The Turkish authorities are conspiring to wreck negotiations in Geneva being organized to work out ways of putting an end to the civil war in Syria. Ankara sees the prospects of participation of the Syrian Kurds in the talks as a real “stumbling block” to the process because President Erdogan and his team consider the major Syrian Kurdish party — The Democratic Union Party (PYD) — to be a terrorist organization. Turkey considers the PYD a “subsidiary” of the Turkish terrorist organization The Kurdistan Workers’ Party (PKK). Having launched a new phase of military punitive action against local Kurds in the summer of 2015, Ankara also decided to simultaneously declare war on the Syrian Kurds living in the sovereign neighboring country (Syria).
Prime Minister of Turkey Ahmet Davutoglu forwarded a note to the Special Envoy of the UN to Syria Staffan de Mistura informing him of Turkey’s intention to withdraw its delegation from the negotiation process in case of participation of the Syrian Kurds in it. It could be that the Turkey’s position was one of the main reasons for rescheduling the talks from January 25 to a later date.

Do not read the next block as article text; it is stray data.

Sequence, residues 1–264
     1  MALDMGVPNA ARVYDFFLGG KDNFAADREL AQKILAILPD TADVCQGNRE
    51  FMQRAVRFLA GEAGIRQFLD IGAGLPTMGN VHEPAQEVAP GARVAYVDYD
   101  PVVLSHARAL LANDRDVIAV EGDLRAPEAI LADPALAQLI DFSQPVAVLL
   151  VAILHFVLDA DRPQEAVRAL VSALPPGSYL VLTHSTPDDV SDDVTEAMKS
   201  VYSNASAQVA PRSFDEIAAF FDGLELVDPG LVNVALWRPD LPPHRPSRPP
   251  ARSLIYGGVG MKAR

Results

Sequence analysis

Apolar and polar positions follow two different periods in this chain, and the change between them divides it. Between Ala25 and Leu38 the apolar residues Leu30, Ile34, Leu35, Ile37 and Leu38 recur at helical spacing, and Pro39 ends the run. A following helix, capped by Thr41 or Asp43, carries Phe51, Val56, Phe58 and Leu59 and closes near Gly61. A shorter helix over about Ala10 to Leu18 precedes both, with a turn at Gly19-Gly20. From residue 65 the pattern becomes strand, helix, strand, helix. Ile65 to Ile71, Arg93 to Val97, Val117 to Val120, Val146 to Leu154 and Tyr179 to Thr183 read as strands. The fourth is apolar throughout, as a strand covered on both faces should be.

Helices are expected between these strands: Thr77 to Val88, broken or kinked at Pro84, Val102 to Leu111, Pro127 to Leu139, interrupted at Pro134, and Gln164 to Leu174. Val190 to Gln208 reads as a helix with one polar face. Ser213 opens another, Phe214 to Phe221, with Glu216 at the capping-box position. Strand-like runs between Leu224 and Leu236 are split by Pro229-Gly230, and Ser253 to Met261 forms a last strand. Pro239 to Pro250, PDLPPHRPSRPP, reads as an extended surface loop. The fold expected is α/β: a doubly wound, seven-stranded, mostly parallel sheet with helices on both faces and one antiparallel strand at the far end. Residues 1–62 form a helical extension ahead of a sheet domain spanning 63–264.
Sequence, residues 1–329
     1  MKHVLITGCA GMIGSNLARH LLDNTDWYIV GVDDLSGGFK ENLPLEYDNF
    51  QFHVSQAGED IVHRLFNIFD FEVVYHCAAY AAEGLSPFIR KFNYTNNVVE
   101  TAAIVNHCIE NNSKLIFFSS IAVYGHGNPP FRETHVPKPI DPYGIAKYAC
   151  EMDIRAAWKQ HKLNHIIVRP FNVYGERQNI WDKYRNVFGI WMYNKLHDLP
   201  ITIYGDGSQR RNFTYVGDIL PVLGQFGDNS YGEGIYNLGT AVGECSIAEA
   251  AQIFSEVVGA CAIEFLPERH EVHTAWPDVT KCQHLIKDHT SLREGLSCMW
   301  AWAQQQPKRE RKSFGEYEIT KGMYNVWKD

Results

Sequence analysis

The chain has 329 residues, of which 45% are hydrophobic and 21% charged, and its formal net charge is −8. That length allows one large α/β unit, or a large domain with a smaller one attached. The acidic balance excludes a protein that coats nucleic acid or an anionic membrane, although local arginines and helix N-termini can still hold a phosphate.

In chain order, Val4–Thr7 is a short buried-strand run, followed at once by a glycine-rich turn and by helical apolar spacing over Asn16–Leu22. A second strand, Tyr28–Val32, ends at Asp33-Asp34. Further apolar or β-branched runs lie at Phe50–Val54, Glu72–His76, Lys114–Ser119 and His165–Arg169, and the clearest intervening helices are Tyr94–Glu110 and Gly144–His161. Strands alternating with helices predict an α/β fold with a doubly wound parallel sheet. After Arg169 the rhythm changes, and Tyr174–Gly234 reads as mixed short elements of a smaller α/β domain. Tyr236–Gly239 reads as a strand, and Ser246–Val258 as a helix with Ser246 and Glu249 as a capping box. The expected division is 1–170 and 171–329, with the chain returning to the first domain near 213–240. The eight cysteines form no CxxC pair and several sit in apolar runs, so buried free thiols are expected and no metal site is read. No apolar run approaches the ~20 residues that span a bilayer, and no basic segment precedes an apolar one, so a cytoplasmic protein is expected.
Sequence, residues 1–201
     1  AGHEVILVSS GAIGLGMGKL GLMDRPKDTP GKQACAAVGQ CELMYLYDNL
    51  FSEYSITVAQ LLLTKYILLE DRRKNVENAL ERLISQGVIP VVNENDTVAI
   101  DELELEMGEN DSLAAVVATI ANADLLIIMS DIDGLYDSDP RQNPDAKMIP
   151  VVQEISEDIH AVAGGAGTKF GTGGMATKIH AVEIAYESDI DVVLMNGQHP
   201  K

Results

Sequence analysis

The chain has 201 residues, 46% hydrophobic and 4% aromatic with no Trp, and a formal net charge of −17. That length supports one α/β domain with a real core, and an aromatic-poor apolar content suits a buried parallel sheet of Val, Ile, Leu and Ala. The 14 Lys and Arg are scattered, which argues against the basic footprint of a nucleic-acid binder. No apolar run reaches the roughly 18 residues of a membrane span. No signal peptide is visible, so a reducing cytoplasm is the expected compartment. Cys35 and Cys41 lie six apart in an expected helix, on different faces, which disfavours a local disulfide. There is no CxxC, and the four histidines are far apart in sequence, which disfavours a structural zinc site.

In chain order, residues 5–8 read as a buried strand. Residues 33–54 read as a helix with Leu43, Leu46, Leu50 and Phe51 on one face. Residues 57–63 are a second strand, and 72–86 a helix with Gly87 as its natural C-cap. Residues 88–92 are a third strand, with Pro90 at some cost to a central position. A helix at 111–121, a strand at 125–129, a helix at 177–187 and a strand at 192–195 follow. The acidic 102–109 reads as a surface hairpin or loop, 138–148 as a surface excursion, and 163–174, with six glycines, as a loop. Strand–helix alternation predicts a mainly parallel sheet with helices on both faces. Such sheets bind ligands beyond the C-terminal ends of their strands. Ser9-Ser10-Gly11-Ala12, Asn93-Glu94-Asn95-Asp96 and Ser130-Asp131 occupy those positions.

Ultimately, Saudi Arabia and Russia also have some disagreements (but not of such an antagonistic nature) as to the list of participants in the negotiations. And it is expected that the parties will be able to reach a consensus in the nearest future. It is quite possible that in the course of his recent visit to Saudi Arabia, US Secretary of State John Kerry, who served as an intermediary between Riyadh and Moscow, has helped Saudi Arabia and Russia harmonize their visions of what Syrian opposition groups should participate in the negotiations. US Vice President Joe Biden also visited Turkey on January 21-22, 2015, where he tried to persuade his partners in Ankara not to withdraw from the negotiations on Syria even if the Syrian Kurds will be present there.